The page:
Asking your provider for additional strategies for dealing with morning sickness at your very first OB appointment ensures you will be prepared if it strikes.
4. Assess your diet.
Certain foods and drinks are better left off the menu when you’re expecting. Alcohol is a big no-no for pregnant moms, since it passes directly to the baby through the umbilical cord, and can lead to miscarriage, stillbirth and multiple physical behavioral and intellectual disabilities, collectively referred to as Fetal Alcohol Spectrum Disorders (FASDS). According to the Centers for Disease Control and Prevention (CDC), there is no known safe amount of alcohol for pregnant women and it should be avoided altogether during all three trimesters4.
If you were unaware that you were expecting and had a drink or two, Dr. Bayati assures you not to worry.
"Alcohol intake during pregnancy is not recommended. However, given that women may not find out that they are pregnant for a few weeks following conception, it is likely that many have consumed alcohol in early pregnancy. The risks to the fetus are also very low at this early gestation. It’s best to stop consuming alcohol at any level once you are aware of the pregnancy."
The same, she explains, goes for any toxin, even environmental toxins like Botox or retinol.
"It’s important to note that exposure of any toxin in very early pregnancy would need to be quite significant, either in toxicity or amount of exposure, to affect the developing fetus. Once you are aware of the pregnancy, then discuss your exposures with your provider. Go over the risks and benefits of continued exposure in order to make the best decision for you and your baby."
Other foods to avoid? Here’s what the experts say:
Caffeine, while not completely off limits, should be consumed in moderation since it crosses the placenta and your baby can’t effectively metabolize it in the same way an adult can.
According to Dr. Bayati, “Caffeine use can increase the maternal and fetal heart rates as well as maternal blood pressure. It can also interrupt normal sleep and wake patterns and can even affect breastfeeding.”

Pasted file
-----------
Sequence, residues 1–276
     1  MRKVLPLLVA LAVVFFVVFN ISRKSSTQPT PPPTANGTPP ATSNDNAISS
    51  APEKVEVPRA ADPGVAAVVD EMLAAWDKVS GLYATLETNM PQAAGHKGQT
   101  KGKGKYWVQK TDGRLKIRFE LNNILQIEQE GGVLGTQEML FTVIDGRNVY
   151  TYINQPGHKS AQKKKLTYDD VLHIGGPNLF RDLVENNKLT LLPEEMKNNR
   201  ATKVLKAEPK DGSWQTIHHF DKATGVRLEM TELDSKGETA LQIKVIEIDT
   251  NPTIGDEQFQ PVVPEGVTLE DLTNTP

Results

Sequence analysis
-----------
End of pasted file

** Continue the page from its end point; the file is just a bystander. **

Plus, caffeine has been linked to low birth weight in infants and preterm labor. For this reason, the American College of Obstetrics and Gynecology recommends that pregnant women consume less than 200 milligrams per day—that's about the amount found in two cups of regular brewed coffee. And keep in mind that coffee isn't the only source of caffeine in your diet. It can be found in chocolate, tea, soda, some medications, and even in small amounts in decaf coffee.
Wondering what you should eat instead? Here's what a prenatal nutritionist would add to your diet in the 1st trimester.
5. Stock up on stretchy staples.
If you’re expecting your first baby, you likely won’t start growing a bump until you’re well into your second trimester. But changing hormones and water retention can leave your pants feeling snug much sooner than that. Investing in a waistband expander or some extra stretchy bottoms is an easy way to maximize your comfort level until your belly is big enough to fill out maternity clothes.
6. Rest, rest, rest.
Dr. Bayati says it’s extremely common to feel fatigued in the first trimester since your body is working hard on the formation of the placenta and a developing embryo. “It is natural and common to feel the need to take naps or fall asleep very early in the evening. It is normal to take a shower and feel the need to rest from the exhaustion of this simple act,” she says.
Give yourself some grace and listen to your body during this crucial time. If you’re tired, rest. It’s one of the best things you can do for your body and your baby in the trimester. Do not push yourself to do more than you can handle. This will allow the formation of the placenta to be as healthy as possible and give you the best chance to be active and have a healthy third trimester.
7. Prioritize self-care.
Pregnancy is a great time to make life long healthy changes to your routine. Don’t feel guilty putting yourself first during your first trimester and your pregnancy as a whole—prioritizing your health means you’re prioritizing your unborn baby’s.
Here are some of the Dr. Bayati’s best tips for taking care of your body and your baby:
Read next: It's okay to be fearful and excited. A reproductive psychiatrist shares her best tips for moving through the rollercoaster of emotions during pregnancy. Plus, shop doctor-made vitamins for every stage of motherhood now.
1"Prenatal vitamins: Why they matter, how to choose - Mayo Clinic." https://www.mayoclinic.org/healthy-lifestyle/pregnancy-week-by-week/in-depth/prenatal-vitamins/art-20046945. Accessed 10 Jan. 2023.
2"Morning Sickness: Nausea and Vomiting of Pregnancy - ACOG." https://www.acog.org/womens-health/faqs/morning-sickness-nausea-and-vomiting-of-pregnancy. Accessed 10 Jan. 2023.
3"Morning Sickness: Nausea and Vomiting of Pregnancy - ACOG." https://www.acog.org/womens-health/faqs/morning-sickness-nausea-and-vomiting-of-pregnancy. Accessed 10 Jan. 2023.4"Pregnancy nutrition: Foods to avoid during pregnancy - Mayo Clinic." https://www.mayoclinic.org/healthy-lifestyle/pregnancy-week-by-week/in-depth/pregnancy-nutrition/art-20043844. Accessed 10 Jan. 2023.
This article is for informational purposes only. It is not, nor is it intended to be, a substitute for professional medical advice, diagnosis, or treatment and we recommend that you always consult with your healthcare provider. To the extent that this article features the advice of physicians or medical practitioners, the views expressed are the views of the cited expert and do not necessarily represent the views of Perelel.